Kylie exhibition goes on the road
MELBOURNE, Australia -- Last month Kylie Minogue launched her biggest-ever world tour.
Now a collection of outfits charting the Australian's transformation from teenage soap star to postmodern pop pin-up is also taking to the road.
Famous for her flamboyant stage performances, Kylie's "Showgirl" tour features a $2 million Art Deco-inspired set and outfits designed by Karl Lagerfeld, John Galliano and Julien McDonald.
Shows in Europe, Australia and the Far East will lead up to a prestigious headline performance at the UK's Glastonbury festival in June.
But for Australian fans unable to get tickets for the sellout home leg of her tour in May and June, the touring exhibition of Kylie memorabilia may provide some consolation.
The collection, which features more than 300 items from the star's personal collection, was put together by the Arts Centre in Kylie's hometown of Melbourne.
More than 150,000 people have already seen the collection, making it the Arts Centre's most successful-ever exhibition.
Next month it moves to Canberra's National Portrait Gallery before heading on to the Queensland Performing Arts Centre in Brisbane and Sydney's Powerhouse Museum and then overseas next year.
The items chart more than two decades in Kylie's career, ranging from her teenage role in Australian TV soap "Neighbours" via her pop videos to big screen exposure in 2001's "Moulin Rouge."
Many pieces in the collection were donated by Kylie herself. And although there are plenty of designer labels among them, there are also a few items liberated from her parents' attic.
"The idea for this exhibition came about 18 months ago when we were contacted by Kylie's family to let us know she had made a decision to donate all her costumes to the Arts Centre," said exhibition curator Janine Barrand.
"We had no idea of how things would unfold and how big the collection would be. Whenever we received a consignment it was like Christmas opening it."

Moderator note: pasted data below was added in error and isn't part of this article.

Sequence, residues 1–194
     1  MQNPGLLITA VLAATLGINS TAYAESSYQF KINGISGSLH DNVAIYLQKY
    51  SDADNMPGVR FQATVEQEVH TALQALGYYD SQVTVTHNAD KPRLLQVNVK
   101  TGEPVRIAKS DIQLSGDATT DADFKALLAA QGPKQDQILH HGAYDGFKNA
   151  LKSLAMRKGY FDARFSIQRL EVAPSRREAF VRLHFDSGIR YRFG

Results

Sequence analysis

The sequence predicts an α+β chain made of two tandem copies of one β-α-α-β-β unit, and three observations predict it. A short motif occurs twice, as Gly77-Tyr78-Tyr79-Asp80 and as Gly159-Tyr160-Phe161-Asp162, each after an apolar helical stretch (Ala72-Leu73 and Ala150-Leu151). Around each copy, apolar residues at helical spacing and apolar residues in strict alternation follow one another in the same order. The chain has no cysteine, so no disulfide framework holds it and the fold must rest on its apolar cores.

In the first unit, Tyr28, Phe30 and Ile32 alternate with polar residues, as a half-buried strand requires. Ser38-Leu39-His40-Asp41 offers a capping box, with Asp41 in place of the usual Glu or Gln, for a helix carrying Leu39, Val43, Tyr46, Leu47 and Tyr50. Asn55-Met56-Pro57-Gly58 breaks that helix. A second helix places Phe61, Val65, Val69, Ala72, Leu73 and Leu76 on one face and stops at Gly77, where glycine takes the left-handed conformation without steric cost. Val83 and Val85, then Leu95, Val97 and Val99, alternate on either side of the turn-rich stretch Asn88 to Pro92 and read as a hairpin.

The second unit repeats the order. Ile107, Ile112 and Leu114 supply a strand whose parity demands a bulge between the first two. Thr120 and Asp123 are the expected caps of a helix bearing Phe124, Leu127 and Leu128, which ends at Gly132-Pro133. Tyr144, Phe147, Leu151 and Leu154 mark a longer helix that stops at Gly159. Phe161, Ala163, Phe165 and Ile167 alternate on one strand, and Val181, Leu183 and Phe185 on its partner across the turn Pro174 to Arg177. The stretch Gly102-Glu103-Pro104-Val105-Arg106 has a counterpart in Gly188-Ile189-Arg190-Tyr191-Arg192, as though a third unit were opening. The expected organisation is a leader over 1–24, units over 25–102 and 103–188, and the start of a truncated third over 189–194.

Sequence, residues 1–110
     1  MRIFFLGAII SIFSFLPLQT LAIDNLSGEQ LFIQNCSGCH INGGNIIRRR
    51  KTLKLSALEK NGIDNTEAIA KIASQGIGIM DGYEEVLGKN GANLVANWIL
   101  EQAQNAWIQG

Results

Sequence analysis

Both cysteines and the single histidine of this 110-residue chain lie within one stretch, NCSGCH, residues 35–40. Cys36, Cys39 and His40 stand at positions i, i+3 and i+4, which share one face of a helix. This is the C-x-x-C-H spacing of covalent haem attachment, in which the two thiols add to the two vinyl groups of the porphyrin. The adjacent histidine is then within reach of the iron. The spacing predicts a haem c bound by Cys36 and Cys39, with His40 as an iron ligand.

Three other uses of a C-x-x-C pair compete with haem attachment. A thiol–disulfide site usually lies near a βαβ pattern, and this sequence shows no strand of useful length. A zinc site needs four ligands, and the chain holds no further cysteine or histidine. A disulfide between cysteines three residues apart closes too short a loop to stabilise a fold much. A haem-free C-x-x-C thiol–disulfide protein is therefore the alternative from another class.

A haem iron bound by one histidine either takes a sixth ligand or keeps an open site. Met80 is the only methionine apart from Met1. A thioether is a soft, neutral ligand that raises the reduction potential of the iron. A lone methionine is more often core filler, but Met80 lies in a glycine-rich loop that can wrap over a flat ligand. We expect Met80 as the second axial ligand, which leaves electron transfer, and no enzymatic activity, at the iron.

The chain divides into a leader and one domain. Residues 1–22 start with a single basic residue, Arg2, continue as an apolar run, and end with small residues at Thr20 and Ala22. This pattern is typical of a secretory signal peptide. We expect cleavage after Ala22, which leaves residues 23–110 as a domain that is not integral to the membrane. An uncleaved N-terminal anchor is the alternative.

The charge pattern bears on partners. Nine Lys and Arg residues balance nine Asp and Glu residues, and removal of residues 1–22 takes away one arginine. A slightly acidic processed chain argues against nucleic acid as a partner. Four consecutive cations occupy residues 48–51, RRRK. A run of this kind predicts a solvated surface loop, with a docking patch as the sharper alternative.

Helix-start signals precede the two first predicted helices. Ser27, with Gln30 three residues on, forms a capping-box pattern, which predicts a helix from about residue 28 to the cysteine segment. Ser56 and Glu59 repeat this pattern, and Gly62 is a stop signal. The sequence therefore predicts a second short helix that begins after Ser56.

The collection is divided up into costumes from her videos and live tours, items worn for one-off performances such as the closing ceremony of the 2000 Sydney Olympics and outfits worn for award ceremonies, premieres and other red carpet events.
The most eye-catching section looks at Kylie as an icon and includes her most memorable outfits, from the mechanic's overalls she wore as Charlene in Neighbours, via the white dress from the video of her first single "I Should Be So Lucky," to the gold hot pants from 2000's "Spinning Around" video, a song which many credit with re-launching her pop career.
"Kylie has always been an amazing performer the exhibition aims to capture some of that vitality and creativity," said Barrand.
That attention to detail has extended as far as producing mannequins to the famously diminutive singer's exact proportions.
"Many of them will be full figures so that we can show all the accessories and get the complete look. I have to say, it's almost like Kylie standing there -- they are really amazing," said Barrand.
While many items in the collection had spent years hidden away in boxes, the Arts Centre is determined that, having rehabilitated them for the exhibition, they should be preserved for posterity.
Museum staff wear gloves to handle the exhibits and between exhibitions the collection will be stored in air-conditioned comfort.
That is something for which Kylie herself is grateful. "I am sure that the pieces will tour all over but to know that when they come home they will be taken care of here in Melbourne makes me feel very proud," she said when the exhibition opened.
But with the exhibition set to take to the road, it's unlikely they'll be locked away for long.